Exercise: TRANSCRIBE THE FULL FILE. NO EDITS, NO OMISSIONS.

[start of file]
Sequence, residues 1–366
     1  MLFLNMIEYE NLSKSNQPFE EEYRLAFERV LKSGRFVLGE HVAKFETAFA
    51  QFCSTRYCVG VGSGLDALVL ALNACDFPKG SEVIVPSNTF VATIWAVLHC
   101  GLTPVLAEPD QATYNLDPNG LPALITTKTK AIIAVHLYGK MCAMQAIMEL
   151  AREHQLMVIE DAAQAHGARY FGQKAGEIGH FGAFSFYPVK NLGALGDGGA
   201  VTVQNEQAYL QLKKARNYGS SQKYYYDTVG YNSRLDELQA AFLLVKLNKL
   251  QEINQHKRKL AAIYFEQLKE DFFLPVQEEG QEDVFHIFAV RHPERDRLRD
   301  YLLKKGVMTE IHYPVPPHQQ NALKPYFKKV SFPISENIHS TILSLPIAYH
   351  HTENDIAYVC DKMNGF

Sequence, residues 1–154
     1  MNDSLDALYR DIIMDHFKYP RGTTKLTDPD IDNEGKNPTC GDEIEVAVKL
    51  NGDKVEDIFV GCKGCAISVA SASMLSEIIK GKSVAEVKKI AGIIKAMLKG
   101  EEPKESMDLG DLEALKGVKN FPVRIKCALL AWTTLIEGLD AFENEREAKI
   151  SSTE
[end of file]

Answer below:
Sequence, residues 1–366
     1  MLFLNMIEYE NLSKSNQPFE EEYRLAFERV LKSGRFVLGE HVAKFETAFA
    51  QFCSTRYCVG VGSGLDALVL ALNACDFPKG SEVIVPSNTF VATIWAVLHC
   101  GLTPVLAEPD QATYNLDPNG LPALITTKTK AIIAVHLYGK MCAMQAIMEL
   151  AREHQLMVIE DAAQAHGARY FGQKAGEIGH FGAFSFYPVK NLGALGDGGA
   201  VTVQNEQAYL QLKKARNYGS SQKYYYDTVG YNSRLDELQA AFLLVKLNKL
   251  QEINQHKRKL AAIYFEQLKE DFFLPVQEEG QEDVFHIFAV RHPERDRLRD
   301  YLLKKGVMTE IHYPVPPHQQ NALKPYFKKV SFPISENIHS TILSLPIAYH
   351  HTENDIAYVC DKMNGF

Sequence, residues 1–154
     1  MNDSLDALYR DIIMDHFKYP RGTTKLTDPD IDNEGKNPTC GDEIEVAVKL
    51  NGDKVEDIFV GCKGCAISVA SASMLSEIIK GKSVAEVKKI AGIIKAMLKG
   101  EEPKESMDLG DLEALKGVKN FPVRIKCALL AWTTLIEGLD AFENEREAKI
   151  SSTE